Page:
Subject: I have found a CD that I think you would enjoy
Super Hits Of The '70s: Have a Nice Day, Vol. 16
Genres: Folk, Special Interest, Pop, Rock, Classic Rock, Metal
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Inconsistent, but offers rare lost treasures.
Gary Gardner | Ellsworth, ME United States | 01/05/2001
(3 out of 5 stars)
"Rhino pulls no punches with their now-infamous collection of 70's tracks that offer some hidden treasures, but also a lot of buried (and best that way) musical corpses. This particular edition ain't all that bad, considering some of the other earlier volumes.The Blood, Sweat and Tears-inflected "Vehicle" and "Ride Captain Ride" are fine, stand-out tracks that still rock out on various radio stations. However, it is the folk-flavored songs that will pique the most interest. "I'd Like to Teach the World to Sing" (before infamously being transformed into a corporate shill for Coca-Cola) is offered up in its earlier, sentimental form; but will I be able to hear it without thinking of Coke? Nah, doubt it!Other stand-outs include "The City of New Orleans", one of Arlo Guthrie's best songs by far. Also included is a rocker still played on FM classic-rock stations today, "I'd Love to Change the World", which has great acoustic and electric guitar by frontman Alvin Lee, yet lyrically leaves a bad taste in my mouth with its shameless (hopefully tongue-in-cheek?) socialist posturing.The "Tommy Overture" by The Assembled Multitude is a pleasant listen, but doesn't groove the way The Who did it. Wayne Newton's "Daddy, Don't You Walk So Fast" is just a plain stinker, and should automatically prove to everyone why Wayno is stuck in the home for musically-spent artists, Las Vegas. Robert John's pre-"Sad Eyes" "Lion Sleeps Tonight" doesn't hold a candle to the Tokens' version. Ick!The rest is pretty much filler, and not really known all that well. But I have to say that "Toast and Marmalade..." and "Never Ending Song of Love" are pretty darned good fillers.All in all, decent songs, accompanied by only a few clunkers. My biggest gripe (as it is with every volume in the collection) is that the discs aren't longer. Surely, they could have turned a 23-volume set into a good 14- or 15-volume compilation. Ah well, just enjoy hearing these songs again in CD clarity. Just be aware that amongst the diamonds are a few turds."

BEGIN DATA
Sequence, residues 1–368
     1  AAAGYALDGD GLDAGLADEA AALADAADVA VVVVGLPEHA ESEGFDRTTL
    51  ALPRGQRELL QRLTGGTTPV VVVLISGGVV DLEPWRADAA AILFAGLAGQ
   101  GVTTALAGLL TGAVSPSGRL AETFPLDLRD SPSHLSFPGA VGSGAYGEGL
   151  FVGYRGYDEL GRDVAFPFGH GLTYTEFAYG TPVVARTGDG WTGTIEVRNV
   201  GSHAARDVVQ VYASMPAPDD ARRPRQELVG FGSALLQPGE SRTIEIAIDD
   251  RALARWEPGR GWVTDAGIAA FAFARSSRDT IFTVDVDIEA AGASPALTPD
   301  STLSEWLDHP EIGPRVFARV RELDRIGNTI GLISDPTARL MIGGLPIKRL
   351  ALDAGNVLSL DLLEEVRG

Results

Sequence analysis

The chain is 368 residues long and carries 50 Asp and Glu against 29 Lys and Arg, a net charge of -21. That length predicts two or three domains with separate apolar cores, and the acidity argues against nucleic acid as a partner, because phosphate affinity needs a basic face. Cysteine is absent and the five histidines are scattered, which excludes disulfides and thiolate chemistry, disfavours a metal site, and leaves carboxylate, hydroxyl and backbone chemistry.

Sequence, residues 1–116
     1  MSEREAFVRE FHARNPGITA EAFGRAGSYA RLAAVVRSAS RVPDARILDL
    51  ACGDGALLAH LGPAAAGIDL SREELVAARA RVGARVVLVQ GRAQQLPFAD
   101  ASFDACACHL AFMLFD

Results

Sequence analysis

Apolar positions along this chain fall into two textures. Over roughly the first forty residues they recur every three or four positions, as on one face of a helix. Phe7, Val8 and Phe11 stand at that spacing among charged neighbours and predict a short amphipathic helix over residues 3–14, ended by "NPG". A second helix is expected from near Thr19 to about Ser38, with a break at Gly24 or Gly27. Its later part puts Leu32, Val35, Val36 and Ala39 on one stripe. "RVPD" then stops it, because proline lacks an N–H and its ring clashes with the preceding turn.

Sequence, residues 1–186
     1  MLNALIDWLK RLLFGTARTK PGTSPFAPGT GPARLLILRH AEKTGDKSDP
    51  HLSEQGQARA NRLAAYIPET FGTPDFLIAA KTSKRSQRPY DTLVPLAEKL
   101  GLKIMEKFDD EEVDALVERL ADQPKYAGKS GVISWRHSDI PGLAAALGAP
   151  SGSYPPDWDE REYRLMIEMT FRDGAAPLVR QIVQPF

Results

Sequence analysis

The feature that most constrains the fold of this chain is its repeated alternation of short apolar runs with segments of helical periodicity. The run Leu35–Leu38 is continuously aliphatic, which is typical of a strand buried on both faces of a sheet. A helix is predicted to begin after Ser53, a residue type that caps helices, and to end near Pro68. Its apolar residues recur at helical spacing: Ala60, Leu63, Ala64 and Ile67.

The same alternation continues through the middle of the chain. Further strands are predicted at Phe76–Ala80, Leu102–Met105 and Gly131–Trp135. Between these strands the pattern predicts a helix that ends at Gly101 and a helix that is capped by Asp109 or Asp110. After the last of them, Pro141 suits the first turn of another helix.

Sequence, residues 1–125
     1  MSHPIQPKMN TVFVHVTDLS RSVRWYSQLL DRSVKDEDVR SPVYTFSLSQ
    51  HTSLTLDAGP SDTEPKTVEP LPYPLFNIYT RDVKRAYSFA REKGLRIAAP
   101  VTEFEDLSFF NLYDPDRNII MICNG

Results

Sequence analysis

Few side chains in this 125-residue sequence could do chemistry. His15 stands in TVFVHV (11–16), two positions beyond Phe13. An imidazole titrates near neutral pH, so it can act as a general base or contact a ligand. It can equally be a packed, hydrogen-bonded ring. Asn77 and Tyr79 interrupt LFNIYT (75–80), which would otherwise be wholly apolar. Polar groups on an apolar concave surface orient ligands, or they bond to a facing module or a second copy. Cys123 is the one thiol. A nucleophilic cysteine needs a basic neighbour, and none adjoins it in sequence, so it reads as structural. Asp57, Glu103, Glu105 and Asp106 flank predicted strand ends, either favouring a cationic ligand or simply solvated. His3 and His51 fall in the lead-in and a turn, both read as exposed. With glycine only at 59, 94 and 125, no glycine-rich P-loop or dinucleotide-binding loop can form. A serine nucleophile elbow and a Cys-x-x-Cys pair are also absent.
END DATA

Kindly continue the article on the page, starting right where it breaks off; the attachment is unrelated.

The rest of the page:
A one hit wonder smorgasboard
David Hugaert | Honolulu, HI United States | 09/13/2000
(4 out of 5 stars)
""Have A Nice Day-Volume 16" is one of my two favorite CD's in this 25 volume series from Rhino Records. The majority of the tracks here are good, with "Vehicle" and "Ride Captain Ride" possibly being the best songs here. This collection also contains some fine instrumentals as well. You get "Midnight Cowboy" and "Theme From Tommy". Nonetheless, there are some sleepers, such as "Toast And Marmalade For Tea", "The City Of New Orleans" and "Daddy Don't You Walk So Fast", hich is perhaps the best one in the sleeper category. The track that really turned me on to this CD is "Small Beginnings" by Flash, a group formed by Yes alumni Peter Banks and Tony Kaye. The beginnings of Flash were rather small indeed, for they never had another hit single. "Small Beginnings" did make the US Billboard top 30, and is the progressive-rock masterpiece of this CD. This is the only place you can find this track, so fans of Yes and oldies music should have this title in their collection."
Oops, We Left Out A Few!
Anthony Brancato | San Francisco, CA (USA) | 02/04/2001
(3 out of 5 stars)
"After seeing how the format for the first 15 volumes played out, you were probably expecting the likes of the George Baker Selection's "Paloma Blanca," Rhythm Heritage's "Theme From SWAT" and Sweet's "Action" to be featured here; instead, they decided to dedicate this volume (and the next) to tracks they somehow overlooked the first time. Maybe they should have left well enough alone: Delaney & Bonnie's "Never Ending Song Of Love" wasn't all that bad, I suppose, but their other 1971 hit, "Only You Know And I Know," would have been a better fit here; and they also picked the wrong version of "I'd Like To Teach The World To Sing," as the Hillside Singers' rendition contains some lyrics omitted by the New Seekers ("Put your hand in my hand, Let's begin today/With your hand in my hand, help me find a way."). Post-Sputnik babies will find "Daddy Don't You Walk So Fast" to be a distasteful (even if arguably necessary) reminder of the family breakups that scarred so many of them as children, and "City Of New Orleans" includes one line that would be considered "politically incorrect" if the song came out today ("Freightyards full of old black men"). Fortunately, however, three 1970 offerings - "Vehicle," "Ride Captain Ride" and "Midnight Cowboy" - save this collection from being a total disappointment."